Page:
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This 150-square-kilometre area is home to some of Hong Kong's most stunning geological features. Many sites are spread out over two distinct regions: the sedimentary rock region in the northeast New Territories, and the volcanic rock region in Sai Kung, which is home to unique honeycomb-shaped acidic volcanic rock columns, formed by volcanic eruptions some 140 million years ago. There is also a multitude of beaches, islands, sea caves and even tombolos to explore.
A short, 15-minute boat ride away from Sai Kung is Yim Tin Tsai’s residents have departed, they have left behind their fish ponds and village houses, most of them still filled with personal belongings. A path runs around the island, making exploring easy. Meanwhile, St Joseph’s Chapel — a beautiful, Romanesque building that is listed as a Grade III historic building — offers a picturesque photo opportunity.island. Originally the home of salt farmers, the island’s village was abandoned during the 1990s when the industry began to decline. Although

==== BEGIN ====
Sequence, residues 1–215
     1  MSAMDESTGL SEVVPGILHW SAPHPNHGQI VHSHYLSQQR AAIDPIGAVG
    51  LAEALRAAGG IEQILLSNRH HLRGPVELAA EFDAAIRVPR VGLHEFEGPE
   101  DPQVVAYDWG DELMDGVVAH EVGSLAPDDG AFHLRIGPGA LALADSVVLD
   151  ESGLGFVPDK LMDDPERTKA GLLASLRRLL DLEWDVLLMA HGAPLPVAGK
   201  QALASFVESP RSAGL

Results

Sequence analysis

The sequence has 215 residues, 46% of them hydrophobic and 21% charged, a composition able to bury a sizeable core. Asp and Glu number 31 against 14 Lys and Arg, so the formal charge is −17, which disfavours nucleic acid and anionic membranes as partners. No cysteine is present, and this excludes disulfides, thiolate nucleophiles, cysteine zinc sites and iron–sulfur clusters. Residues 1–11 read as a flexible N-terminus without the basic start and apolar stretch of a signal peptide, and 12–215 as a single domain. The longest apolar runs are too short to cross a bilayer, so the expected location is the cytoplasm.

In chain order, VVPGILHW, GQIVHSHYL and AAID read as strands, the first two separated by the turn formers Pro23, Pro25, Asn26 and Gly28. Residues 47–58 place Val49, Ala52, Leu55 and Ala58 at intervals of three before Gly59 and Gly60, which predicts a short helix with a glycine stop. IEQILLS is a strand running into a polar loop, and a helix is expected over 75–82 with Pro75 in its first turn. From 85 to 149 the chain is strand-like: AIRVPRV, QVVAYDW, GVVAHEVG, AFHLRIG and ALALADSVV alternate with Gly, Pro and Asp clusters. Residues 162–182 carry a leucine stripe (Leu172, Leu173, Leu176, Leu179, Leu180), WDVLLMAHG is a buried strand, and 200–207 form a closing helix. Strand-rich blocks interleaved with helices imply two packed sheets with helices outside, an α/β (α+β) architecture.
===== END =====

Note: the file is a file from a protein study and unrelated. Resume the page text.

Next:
Locals and visitors alike agree that if you are going to Sai Kung, then a meal atrestaurant should be high on your list. Contemporary French and Mediterranean fare is served in an elegant yet cosy three-storey village house tucked into Three Fathoms Cove, with intimate surrounds indoors and a lawn and terrace with gorgeous sea views outside. The delicious four or six-course set menu changes monthly and much of it is created from ingredients picked directly from the restaurant garden.
This hole-in-the-wall cafe might not look like much, but it dishes an array of local snacks and baked goods fresh out of the oven. Situated right on the waterfront, it’s also an excellent place to rest and refuel after a walk along the pier. Their Portuguese egg tarts and pineapple buns (a soft, sweet bun topped with a crunchy, sugary crust) are some of the best in town, and go perfectly with Hong Kong-style milk tea. Savoury fare such as macaroni soup is also available.